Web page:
Jan 22 2014, 9:17am CST | by Forbes
Sacramento Kings’ senior advisor Chris Mullin sums up the reality of luring marquee players to his club this way: “If we have (salary cap) space and New York has space, we know where they’re going to go.”
Vivek Ranadive, the Kings’ new owner, has vowed to propel his franchise to new heights through a new arena and a global marketing push into India and beyond. One thing he knows, though, is that sports, at the core, is still sports. Marketing and customer satisfaction matter, but nothing draws eyeballs and brings out fan passion like winning.
To that end, he’s turned to Mullin, the former All-Star player and general manager with the Golden State Warriors, the same club Ranadive later owned a minority stake in before buying the Kings. Mullin helps oversee a basketball operation that includes GM Pete D’Alessandro and head coach Mike Malone. Both, like Mullin, are New Yorkers who made their NBA bones at Golden State, Malone as an assistant coach and D’Alessandro as assistant GM.
Under Ranadive and Mullin, the Kings vow to implement a forward-thinking, analytical model to improve their team, which currently has little to showcase beyond talented young big man DeMarcus Cousins. D’Alessandro most recently worked in Denver, where he used an analytical approach to help build one of last season’s top NBA teams after a 2011 trade of leading scorer Carmelo Anthony to New York. Denver obtained several players either directly or indirectly from that deal that helped them go 57-25 last season.
With Anthony’s desire to get to New York well known, the Nuggets seemed to have the weaker hand – everyone knew Anthony wanted out. But by waiting things out until mid-season, Mullin points out, the Nuggets “got the Knicks anxious, and made a great deal.”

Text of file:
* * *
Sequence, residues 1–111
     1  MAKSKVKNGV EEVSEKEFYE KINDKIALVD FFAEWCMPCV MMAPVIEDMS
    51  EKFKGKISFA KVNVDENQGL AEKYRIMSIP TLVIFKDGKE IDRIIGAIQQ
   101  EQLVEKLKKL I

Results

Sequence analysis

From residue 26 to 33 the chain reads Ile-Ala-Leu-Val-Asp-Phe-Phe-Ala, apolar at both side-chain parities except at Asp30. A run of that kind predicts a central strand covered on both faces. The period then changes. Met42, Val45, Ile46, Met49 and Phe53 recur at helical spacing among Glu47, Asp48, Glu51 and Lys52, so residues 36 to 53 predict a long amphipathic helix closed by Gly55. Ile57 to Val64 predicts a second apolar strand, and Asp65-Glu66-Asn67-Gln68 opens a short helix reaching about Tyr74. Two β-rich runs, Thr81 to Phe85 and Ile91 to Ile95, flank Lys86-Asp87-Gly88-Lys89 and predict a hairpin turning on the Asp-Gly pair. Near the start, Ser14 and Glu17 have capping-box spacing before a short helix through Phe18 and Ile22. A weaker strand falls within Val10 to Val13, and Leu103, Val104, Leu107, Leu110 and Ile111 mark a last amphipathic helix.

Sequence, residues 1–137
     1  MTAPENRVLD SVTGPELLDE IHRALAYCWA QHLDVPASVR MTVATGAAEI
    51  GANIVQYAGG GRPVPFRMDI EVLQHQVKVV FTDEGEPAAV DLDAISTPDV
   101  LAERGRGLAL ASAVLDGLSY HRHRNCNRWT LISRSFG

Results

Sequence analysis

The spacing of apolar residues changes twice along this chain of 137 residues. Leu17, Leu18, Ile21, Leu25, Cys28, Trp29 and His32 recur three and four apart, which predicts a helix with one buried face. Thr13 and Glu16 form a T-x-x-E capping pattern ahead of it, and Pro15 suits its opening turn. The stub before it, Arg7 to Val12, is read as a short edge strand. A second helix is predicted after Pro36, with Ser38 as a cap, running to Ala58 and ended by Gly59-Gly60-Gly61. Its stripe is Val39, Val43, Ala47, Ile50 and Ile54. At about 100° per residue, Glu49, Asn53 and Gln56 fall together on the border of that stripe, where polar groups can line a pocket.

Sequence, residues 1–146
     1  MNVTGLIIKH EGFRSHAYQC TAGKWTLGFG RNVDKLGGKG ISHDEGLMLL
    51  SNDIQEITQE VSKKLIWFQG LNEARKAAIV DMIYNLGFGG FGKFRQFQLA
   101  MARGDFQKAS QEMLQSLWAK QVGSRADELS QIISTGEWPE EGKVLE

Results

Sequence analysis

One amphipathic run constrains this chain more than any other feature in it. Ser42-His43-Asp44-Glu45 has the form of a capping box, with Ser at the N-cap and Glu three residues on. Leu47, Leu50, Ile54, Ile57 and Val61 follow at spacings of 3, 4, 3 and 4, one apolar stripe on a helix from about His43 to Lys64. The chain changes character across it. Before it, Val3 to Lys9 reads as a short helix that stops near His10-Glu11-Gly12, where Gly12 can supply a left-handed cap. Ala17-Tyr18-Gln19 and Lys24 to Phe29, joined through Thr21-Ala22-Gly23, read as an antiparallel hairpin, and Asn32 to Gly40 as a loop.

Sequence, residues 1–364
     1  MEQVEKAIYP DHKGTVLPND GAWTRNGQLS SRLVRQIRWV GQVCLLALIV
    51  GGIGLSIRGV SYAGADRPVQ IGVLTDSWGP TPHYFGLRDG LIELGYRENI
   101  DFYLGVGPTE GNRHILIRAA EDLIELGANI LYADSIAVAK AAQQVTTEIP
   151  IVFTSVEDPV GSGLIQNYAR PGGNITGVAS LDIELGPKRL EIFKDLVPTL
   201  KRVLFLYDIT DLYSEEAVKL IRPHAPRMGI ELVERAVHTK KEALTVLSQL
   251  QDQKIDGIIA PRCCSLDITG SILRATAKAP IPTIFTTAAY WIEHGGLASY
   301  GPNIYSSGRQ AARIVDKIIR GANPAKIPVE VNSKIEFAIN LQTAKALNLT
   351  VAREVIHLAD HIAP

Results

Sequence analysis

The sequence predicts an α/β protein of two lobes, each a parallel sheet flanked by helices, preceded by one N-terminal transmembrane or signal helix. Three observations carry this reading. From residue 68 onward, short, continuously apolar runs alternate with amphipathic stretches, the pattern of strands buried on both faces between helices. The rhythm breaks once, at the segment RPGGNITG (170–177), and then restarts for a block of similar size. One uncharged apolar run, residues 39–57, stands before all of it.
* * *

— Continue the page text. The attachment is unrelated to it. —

It’s the kind of approach that seems to fit Sacramento, the NBA’s eighth-smallest market. The league’s major stars – LeBron James, Dwight Howard, Chris Paul – often gravitate to big markets, where clubs compete for attention with other entertainment options, including other sports teams. The Kings, as the only major sports franchise in town, don’t have such worries.
Given the early lip service to an advanced-stats approach, it is a bit curious that one of the new administration’s first major moves was to acquire high scoring forward Rudy Gay from Toronto in December. Gay, who is making $18 million this season and has a $19 million player option for next season, is a whipping boy for an analytic crowd that doesn’t like his mediocre career numbers in shooting percentage (44%) or assists (two per game). Mullin defends the deal by pointing to the weak teams Gay has had to carry during his seven-year career. “Those (stats) are variables you can change, what you can’t change is six-foot-nine and athletic,” he says. “Analytics are a huge part of it, but you still have to balance it against the eye test.”
It’s early, but the deal hasn’t exactly worked out in Sacramento’s favor. The Kings are 8-12 since the trade, while Toronto is 13-8. Quipped ESPN basketball guru Bill Simmons on Twitter, noting Toronto’s sudden improvement: “If a girl breaks up with Rudy Gay, does she immediately lose 15 pounds and look better than ever?”
Maybe the Gay deal will compel the Kings to stick that much more closely to analytics. And to remember that a splashy move for a scorer isn’t really necessary when you’re 90 miles from San Francisco Bay, where it’s the Warriors who have to compete for attention against Colin Kaepernick, Jim Harbaugh and Buster Posey.
Mullin says as much himself: “In our market, if we win 55 games, our guys won’t be able to walk down the street.”
Source: Forbes Business
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